I love my Clean-Up Map, but what I don’t love is keeping track of the tables who cleaned up adequately and efficiently (I have a lot of other things going on!). That’s why I created a system of Clean-Up Map Monitors. Each class period I appoint a team of two students to monitor the classroom tables for quick and thorough clean-up. The kids love this job (and take it very seriously) so I rotate the students each class period and keep track by marking on a class list. At the end of class the clean-up monitors are manned with giant numbers attached to dowel rods and distribute them based on the following:
- All students are sitting at their table silently.
- Table meets Clean-Up Monitor cleanliness expectations (Students know what needs to be cleaned by referring to the Clean-Up Map).
Important details to keep things running smoothly:
- Table leaders (also known as helping hands) get to hold the clean-up number when distributed.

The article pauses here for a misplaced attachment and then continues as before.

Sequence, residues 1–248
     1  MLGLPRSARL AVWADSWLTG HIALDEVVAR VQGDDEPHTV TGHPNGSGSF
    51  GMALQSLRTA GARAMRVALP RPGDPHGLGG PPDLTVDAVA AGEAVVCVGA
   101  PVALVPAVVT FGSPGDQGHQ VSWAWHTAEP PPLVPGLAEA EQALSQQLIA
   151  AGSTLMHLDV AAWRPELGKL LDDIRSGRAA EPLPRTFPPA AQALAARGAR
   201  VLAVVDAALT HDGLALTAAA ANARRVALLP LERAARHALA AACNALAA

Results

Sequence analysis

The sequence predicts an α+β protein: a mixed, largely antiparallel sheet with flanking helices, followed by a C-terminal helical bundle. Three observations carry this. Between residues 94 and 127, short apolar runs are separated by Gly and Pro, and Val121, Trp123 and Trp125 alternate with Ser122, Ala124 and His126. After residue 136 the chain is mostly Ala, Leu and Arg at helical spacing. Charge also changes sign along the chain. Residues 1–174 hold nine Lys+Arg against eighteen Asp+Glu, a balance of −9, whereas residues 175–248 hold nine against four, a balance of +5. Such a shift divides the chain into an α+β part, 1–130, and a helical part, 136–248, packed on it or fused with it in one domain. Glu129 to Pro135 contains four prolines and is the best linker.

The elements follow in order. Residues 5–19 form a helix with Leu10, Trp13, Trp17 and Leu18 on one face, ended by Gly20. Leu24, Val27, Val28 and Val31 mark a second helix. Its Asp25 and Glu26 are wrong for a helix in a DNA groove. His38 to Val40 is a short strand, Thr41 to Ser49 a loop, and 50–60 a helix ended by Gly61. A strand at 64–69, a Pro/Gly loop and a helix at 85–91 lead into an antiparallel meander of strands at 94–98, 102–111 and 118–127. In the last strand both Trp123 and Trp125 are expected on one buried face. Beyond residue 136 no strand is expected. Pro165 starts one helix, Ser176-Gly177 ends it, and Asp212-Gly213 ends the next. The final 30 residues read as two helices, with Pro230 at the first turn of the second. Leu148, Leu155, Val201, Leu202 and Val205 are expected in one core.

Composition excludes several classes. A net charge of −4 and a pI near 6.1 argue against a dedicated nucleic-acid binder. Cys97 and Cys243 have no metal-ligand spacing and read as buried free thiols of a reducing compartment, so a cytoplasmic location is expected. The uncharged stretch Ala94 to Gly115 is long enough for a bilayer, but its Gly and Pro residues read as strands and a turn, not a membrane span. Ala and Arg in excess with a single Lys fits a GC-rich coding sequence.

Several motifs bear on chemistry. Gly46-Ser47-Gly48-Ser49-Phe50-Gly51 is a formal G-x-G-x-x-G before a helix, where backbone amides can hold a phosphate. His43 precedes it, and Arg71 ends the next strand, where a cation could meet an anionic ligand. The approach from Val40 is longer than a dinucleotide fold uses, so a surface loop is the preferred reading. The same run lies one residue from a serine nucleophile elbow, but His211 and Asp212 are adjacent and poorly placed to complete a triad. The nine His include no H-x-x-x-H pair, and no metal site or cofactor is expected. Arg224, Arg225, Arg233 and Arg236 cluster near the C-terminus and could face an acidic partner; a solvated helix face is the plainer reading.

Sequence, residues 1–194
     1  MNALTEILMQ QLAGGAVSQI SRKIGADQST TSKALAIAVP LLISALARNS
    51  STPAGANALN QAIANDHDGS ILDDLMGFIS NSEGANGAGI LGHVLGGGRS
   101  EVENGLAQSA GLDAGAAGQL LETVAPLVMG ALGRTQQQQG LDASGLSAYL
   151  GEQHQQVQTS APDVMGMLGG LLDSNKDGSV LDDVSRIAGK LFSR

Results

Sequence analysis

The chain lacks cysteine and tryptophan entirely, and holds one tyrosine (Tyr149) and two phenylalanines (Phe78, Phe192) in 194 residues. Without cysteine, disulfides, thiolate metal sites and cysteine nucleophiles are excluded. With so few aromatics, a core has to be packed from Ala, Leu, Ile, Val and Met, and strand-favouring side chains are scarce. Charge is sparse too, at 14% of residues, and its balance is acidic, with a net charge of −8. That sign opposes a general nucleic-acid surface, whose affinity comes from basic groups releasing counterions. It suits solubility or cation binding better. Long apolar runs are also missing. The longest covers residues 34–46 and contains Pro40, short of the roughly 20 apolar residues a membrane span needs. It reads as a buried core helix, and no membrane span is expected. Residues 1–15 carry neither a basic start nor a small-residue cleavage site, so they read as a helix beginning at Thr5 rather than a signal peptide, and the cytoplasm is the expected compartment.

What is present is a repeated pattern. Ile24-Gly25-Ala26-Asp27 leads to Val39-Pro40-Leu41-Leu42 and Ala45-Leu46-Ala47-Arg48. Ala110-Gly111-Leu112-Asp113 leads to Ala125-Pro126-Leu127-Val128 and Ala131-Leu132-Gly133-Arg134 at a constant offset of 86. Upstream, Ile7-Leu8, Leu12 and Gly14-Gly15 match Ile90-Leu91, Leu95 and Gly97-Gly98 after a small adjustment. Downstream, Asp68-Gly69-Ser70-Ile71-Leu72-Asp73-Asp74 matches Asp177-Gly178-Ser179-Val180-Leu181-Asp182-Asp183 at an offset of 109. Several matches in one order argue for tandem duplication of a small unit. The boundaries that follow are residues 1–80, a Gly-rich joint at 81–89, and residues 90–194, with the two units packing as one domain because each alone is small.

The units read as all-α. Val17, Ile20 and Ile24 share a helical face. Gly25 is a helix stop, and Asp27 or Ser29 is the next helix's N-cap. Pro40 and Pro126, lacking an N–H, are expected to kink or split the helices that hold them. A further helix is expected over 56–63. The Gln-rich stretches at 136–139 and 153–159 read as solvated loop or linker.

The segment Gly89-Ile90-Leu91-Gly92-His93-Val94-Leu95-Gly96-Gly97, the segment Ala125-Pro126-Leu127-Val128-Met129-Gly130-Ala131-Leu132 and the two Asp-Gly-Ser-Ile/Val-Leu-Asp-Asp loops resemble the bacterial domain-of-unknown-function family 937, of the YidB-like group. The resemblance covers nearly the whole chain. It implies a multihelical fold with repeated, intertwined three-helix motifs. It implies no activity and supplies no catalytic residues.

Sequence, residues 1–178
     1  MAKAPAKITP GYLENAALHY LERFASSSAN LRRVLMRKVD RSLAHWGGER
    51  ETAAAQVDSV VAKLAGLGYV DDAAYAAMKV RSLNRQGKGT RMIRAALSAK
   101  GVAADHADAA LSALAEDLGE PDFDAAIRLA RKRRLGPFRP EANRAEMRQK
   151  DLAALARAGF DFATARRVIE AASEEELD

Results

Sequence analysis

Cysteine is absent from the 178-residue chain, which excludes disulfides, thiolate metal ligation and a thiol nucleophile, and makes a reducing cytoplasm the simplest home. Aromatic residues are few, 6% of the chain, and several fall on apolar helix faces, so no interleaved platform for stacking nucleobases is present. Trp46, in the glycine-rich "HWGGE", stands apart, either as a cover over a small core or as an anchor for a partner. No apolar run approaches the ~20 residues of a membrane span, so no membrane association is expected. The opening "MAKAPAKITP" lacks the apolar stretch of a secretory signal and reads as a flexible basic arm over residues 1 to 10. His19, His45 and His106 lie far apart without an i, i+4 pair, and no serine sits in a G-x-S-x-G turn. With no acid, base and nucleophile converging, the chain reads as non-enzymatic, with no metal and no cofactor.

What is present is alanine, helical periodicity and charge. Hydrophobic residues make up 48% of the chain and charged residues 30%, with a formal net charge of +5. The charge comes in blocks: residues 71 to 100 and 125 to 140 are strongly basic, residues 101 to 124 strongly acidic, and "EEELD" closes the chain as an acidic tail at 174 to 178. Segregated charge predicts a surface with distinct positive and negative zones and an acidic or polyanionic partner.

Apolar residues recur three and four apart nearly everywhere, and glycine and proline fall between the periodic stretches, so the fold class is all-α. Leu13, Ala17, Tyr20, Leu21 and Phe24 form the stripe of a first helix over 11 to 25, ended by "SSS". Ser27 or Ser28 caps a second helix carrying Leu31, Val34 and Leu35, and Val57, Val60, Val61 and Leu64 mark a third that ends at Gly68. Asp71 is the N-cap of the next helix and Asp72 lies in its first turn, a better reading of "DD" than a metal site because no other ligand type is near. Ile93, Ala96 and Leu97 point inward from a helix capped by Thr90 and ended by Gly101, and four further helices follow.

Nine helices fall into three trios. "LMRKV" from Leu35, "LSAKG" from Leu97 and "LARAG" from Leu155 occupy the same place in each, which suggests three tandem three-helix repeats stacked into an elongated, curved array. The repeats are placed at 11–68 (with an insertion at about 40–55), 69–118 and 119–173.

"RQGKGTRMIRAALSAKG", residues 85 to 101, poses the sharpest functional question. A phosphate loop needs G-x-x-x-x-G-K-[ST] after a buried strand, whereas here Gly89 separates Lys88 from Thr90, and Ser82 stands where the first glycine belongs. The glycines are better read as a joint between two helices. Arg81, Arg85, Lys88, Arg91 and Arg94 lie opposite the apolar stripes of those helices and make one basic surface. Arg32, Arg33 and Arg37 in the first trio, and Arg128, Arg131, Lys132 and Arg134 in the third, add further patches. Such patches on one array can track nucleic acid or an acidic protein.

- If you complain about anything, your table lines up last.
- Clean-Up Monitors always get to line up first.
- Students are dismissed to line based on the number their table was awarded.
I find that this system works well with 3rd grade and up. In second grade I act as the clean-up monitor to train the kids on my expectations.
Download the clean up numbers for use in your classroom.
Watch the video below to show the clean up monitor system at work.
When your students are working on messy projects that leave tons of paper scraps on the floor consider using the Magic Garbage technique to motivate a super fast clean-up. I learned this tip from my colleagues in my masters cohort and it works beautifully with my elementary students.